Testing for Depressive Realism in a Clinically Depressed Sample

Venkatesh, Shruti, Moulds, Michelle L., and Mitchell, Christopher J. (2018) Testing for Depressive Realism in a Clinically Depressed Sample. Behaviour Change, 35 (2). pp. 108-122.

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The depressive-realism effect refers to a phenomenon in which depressed individuals are more realistic at assessing the relationship between two events than non-depressed individuals. Recent evidence suggests that the depressive realism hypothesis is weaker than first thought. Thus, we sought evidence for depressive-realism under conditions that we hypothesised would maximise the effect. We tested a clinically depressed sample of participants who were administered a rumination induction. Twenty-eight clinically depressed and 39 non-depressed participants were randomly allocated to either a rumination condition (focused on the causes, consequences, and meaning of their mood) or a distraction condition (focused on external objects/events such as a classroom). Participants then completed a contingency task in which there was no relationship between their responses and an outcome, and they were asked to make a judgment of how much control they had over an outcome. Both groups and conditions did not differ in their judgments of control; participants in all conditions showed a non-normative judgment of control. The depressive-realism effect was not observed in this study, even when depressed participants were encouraged to ruminate. Rather, the present study clearly demonstrates the robustness of the illusion of control.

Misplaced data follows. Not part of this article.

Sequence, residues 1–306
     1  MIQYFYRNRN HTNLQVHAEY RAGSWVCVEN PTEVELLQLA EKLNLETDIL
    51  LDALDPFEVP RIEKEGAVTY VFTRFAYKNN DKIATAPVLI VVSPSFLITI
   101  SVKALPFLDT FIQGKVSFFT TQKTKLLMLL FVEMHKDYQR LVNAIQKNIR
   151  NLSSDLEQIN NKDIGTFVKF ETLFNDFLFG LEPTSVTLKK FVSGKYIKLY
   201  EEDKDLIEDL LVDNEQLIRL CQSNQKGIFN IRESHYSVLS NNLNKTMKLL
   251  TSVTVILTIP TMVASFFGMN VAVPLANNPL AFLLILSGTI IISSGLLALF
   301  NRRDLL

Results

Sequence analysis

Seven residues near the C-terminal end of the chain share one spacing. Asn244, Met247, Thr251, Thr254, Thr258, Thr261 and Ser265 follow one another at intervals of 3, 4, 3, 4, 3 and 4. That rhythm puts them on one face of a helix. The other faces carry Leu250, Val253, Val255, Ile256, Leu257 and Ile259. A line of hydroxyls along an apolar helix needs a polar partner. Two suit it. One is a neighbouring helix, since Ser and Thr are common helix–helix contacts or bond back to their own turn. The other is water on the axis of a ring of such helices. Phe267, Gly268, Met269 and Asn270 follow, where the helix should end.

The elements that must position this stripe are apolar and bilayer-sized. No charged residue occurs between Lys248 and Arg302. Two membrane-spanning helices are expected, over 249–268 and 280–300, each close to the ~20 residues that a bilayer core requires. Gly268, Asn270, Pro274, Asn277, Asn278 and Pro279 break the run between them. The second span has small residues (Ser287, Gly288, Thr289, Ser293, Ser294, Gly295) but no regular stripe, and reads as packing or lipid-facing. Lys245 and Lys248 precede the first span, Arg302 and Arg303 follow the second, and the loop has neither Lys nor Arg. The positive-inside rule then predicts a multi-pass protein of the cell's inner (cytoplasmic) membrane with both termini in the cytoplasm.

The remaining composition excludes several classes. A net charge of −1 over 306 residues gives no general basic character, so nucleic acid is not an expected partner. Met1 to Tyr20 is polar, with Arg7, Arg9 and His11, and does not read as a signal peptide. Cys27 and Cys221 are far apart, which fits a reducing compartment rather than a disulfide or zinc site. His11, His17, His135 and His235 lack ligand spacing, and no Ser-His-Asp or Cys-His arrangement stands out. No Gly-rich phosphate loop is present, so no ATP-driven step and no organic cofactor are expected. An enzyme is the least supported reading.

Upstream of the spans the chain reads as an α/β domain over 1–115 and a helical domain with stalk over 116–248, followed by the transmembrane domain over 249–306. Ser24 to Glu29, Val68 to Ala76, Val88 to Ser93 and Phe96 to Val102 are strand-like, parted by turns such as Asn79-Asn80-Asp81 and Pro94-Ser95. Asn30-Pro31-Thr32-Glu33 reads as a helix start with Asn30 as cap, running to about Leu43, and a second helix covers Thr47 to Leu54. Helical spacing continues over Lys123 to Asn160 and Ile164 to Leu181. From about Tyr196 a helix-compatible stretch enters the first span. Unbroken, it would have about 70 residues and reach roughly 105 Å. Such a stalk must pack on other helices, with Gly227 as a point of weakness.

Item ID: 74194
Item Type: Article (Research - C1)
ISSN: 2049-7768
Copyright Information: Copyright © The Author(s) 2018
Date Deposited: 16 May 2022 22:22
FoR Codes: 52 PSYCHOLOGY > 5203 Clinical and health psychology > 520302 Clinical psychology @ 50%
52 PSYCHOLOGY > 5204 Cognitive and computational psychology > 520404 Memory and attention @ 50%
SEO Codes: 20 HEALTH > 2001 Clinical health > 200199 Clinical health not elsewhere classified @ 100%
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